Time-Resolved Wall Shear Rate Mapping using High-Frame-Rate Ultrasound
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Arterial wall shear rate is known to be strongly associated with plaque formation and stroke risk. As a non-invasive, point-of-care imaging modality, ultrasound has been applied to perform wall shear rate (WSR) measurements. However, the existing ultrasound-based solutions fall short of providing sufficient diagnostic information in both spatial and temporal dimensions while remaining non-invasive. To date, quantitatively tracking WSR dynamics over multiple vessel wall positions has yet to be demonstrated. In this work, we propose a new non-invasive WSR mapping technique that makes use of high-frame-rate ultrasound principles to dynamically track the spatiotemporal evolution of WSR in an artery segment. The proposed new WSR mapping method is built on two key principles: high-frame-rate-flow vector estimation and velocity gradient estimation via a two-dimensional spatial derivative. In brief, after high-frame-rate ultrasound data using plane wave excitation, a set of flow vector maps was generated using a multi-angle vector Doppler estimation. Next, the flow vector maps were regularized using a penalized least-squares method. After that, a Sobel filter was used to derive the spatial velocity gradients of the vector map. Finally, the WSR was computed by finding the tangential components of the velocity gradient tensors at the vessel wall positions. Two studies were carried out to investigate the performance of the proposed WSR measurement method. First, a Hele-Shaw flow chamber that can generate a linear WSR field was designed and constructed to evaluate the accuracy of the wall shear rate estimation. Second, two carotid bifurcation models (healthy and 50% stenosed) were built to demonstrate the ability of the framework to quantify and visualize spatiotemporal WSR patterns in complex flow dynamics. Results from the first study indicate that the proposed estimation algorithm can provide consistent WSR estimates. Findings from the second study suggest that our proposed framework is capable of profiling space-time varying WSR dynamics, which could provide new insights into atherosclerosis diagnostics.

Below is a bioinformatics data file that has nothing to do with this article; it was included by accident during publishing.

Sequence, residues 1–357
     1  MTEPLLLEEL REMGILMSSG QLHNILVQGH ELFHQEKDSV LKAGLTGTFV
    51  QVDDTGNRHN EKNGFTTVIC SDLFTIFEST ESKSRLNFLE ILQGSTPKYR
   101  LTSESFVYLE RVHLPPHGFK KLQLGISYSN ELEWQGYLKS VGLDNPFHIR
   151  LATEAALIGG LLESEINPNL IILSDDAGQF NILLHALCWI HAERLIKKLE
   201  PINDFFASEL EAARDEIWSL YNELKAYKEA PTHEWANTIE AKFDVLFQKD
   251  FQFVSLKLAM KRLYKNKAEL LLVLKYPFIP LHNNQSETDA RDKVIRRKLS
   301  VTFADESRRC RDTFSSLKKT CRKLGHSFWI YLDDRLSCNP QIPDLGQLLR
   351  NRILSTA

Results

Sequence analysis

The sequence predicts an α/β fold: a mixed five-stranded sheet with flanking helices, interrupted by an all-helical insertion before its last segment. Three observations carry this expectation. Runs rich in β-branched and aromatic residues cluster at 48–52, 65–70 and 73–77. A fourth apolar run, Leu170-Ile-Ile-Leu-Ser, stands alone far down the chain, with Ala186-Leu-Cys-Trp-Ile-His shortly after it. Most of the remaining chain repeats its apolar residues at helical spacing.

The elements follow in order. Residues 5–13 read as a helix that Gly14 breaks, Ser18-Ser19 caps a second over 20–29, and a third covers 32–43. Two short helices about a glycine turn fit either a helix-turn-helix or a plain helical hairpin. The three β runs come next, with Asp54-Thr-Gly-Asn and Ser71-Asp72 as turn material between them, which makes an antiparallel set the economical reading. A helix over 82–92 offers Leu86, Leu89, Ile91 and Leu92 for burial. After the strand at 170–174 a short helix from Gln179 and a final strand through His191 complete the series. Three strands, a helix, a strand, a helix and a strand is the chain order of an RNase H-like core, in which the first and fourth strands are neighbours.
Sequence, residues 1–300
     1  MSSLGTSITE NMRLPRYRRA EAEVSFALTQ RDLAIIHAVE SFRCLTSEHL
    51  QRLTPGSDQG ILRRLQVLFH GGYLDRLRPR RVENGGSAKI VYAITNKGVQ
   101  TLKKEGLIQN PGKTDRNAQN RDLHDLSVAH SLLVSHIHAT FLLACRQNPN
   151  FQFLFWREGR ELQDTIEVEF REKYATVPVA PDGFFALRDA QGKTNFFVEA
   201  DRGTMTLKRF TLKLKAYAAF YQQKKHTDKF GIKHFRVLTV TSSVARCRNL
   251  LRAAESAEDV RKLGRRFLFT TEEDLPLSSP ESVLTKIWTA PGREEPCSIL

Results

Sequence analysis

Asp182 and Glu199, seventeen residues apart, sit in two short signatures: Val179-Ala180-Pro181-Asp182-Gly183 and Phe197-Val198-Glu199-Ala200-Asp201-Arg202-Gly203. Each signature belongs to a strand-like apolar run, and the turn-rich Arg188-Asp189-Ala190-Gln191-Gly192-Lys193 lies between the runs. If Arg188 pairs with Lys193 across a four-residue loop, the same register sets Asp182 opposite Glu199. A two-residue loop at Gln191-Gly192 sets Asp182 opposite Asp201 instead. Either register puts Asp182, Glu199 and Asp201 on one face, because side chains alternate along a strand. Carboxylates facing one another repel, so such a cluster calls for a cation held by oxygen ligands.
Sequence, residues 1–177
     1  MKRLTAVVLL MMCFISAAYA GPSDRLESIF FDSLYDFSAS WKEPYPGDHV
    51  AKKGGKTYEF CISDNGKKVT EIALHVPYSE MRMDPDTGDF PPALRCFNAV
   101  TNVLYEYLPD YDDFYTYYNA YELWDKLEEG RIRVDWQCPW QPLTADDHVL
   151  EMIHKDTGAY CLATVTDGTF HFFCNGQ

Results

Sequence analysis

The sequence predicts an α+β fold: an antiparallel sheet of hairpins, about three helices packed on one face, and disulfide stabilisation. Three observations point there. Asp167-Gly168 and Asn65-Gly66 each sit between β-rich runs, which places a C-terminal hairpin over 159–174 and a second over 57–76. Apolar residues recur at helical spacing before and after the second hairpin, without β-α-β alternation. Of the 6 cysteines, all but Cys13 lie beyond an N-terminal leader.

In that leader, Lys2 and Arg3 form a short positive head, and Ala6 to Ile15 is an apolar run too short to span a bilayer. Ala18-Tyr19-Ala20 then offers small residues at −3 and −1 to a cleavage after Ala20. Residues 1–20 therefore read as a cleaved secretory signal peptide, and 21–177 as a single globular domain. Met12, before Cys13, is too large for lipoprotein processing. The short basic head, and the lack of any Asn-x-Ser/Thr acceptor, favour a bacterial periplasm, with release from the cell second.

Cite this version of the work
Chung Kit Ho (2018). Time-Resolved Wall Shear Rate Mapping using High-Frame-Rate Ultrasound. UWSpace. http://hdl.handle.net/10012/13415